120 samples of 57 tephra layers identified at IODP Expedition 350 sites (U1436 and U1437) were used in grain size analysis. Some layers have one grain size measurement, others have multiple measurements throughout the tephra layer.
The dataset has been published open-access in Ilyinskaya et al. (2017), Earth and Planetary Science Letters, 472, 309-322 https://doi.org/10.1016/j.epsl.2017.05.025 This study quantifies the air quality impact of Holuhraun eruption 2014-2015 on populated areas in Iceland. Specifically we trace the evolution of the plume chemistry from the eruption site to 2 key areas of population: Reykjahlid, which is the nearest municipality to Holuhraun at 100 km distance, and Reykjavik capital area, which hosts ~60% of Iceland's population, 250 km distance. This dataset is the full chemical analysis of filter pack samples of volcanic gas and aerosol, including trace species (e.g. heavy metals).
In this submission we Include three data sets collected as part of a NERC Urgency programme. Data were collected from a key field site within the Marlborough Fault Zone (MFZ), New Zealand. The Mw 7.8 Kaikoura Earthquake of 14th November 2016 was characterised by a surprising degree of spatial complexity in the surface displacement field in the Marlborough region, South Island, New Zealand. This complexity includes movement on up to 12 faults, besides a high degree of variability in apparent slip along strike of individual faults over relatively short distances. The Urgency programme included rapid collection of Terrestrial Laser Scanning (TLS), Structure from Motion (SfM) and Global Navigation Satellite System (GNSS) data immediately after this event. We include data for one of our field sites for which data collection succeeded, and processing has been completed. For a summary of the key initial findings from this data set, see the following EGU 2018 Abstract and summary: https://meetingorganizer.copernicus.org/EGU2018/EGU2018-6847.pdf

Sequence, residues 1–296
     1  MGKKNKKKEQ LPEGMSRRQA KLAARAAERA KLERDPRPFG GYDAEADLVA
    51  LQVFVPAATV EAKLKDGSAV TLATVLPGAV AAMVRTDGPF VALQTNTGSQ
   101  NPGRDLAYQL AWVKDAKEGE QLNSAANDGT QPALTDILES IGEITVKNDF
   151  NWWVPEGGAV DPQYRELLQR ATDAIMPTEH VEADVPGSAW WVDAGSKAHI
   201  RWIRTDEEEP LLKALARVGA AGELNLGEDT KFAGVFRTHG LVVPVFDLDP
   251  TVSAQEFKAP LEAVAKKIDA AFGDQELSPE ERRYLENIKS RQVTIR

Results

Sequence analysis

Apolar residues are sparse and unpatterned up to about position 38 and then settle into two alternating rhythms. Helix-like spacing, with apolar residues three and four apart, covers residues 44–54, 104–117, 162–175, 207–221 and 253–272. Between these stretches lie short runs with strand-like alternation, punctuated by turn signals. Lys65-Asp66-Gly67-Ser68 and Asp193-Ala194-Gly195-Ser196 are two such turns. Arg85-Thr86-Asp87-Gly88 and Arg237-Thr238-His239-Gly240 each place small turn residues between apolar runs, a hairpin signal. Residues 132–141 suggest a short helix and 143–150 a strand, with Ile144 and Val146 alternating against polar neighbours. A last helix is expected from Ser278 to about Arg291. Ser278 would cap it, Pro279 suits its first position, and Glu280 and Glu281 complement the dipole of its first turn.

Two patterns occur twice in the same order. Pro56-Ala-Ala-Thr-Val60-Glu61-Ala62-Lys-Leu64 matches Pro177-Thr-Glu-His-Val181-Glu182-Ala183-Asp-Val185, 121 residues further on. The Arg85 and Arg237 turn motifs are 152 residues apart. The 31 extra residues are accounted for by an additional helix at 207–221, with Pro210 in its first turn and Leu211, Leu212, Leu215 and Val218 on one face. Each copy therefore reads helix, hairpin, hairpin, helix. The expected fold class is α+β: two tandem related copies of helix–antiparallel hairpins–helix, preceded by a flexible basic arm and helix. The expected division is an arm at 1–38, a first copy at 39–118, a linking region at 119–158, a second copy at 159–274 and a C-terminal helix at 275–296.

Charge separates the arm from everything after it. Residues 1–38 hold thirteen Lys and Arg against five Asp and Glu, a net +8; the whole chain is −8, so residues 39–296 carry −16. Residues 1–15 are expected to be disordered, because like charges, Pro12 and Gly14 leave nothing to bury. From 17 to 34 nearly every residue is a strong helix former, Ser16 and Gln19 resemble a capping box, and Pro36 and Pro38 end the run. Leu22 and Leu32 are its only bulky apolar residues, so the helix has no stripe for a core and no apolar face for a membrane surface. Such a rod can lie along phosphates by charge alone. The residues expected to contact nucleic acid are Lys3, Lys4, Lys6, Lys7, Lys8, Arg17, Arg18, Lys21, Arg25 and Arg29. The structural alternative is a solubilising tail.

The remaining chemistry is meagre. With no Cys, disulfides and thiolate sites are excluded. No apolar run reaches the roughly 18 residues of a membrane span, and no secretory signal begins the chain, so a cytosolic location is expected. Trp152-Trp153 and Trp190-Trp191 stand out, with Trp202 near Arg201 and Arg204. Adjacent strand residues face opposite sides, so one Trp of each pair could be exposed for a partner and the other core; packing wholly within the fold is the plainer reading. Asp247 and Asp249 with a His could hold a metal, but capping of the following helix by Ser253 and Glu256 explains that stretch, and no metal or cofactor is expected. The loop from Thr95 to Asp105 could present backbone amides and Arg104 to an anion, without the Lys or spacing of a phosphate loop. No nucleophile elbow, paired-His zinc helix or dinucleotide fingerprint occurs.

Whole rock geochemical data from the Alpine Fault Zone. These data have been generated from systematic sampling through the Deep Fault Drilling Project - Phase 1 rock cores and from analyses of cuttings retrieved during the Deep Fault Drilling Project - Phase 2. Geochemical analyses on the fault rocks to understand the conditions at which they were deformed. The dataset is associated with the UK component of a major international campaign, the Deep Fault Drilling Project (DFDP). to drill a series of holes into the Alpine Fault, New Zealand. The overarching aim of the DFDP to understand better the processes that lead to major earthquakes by taking cores and observing a major continental fault during its build up to a large seismic event.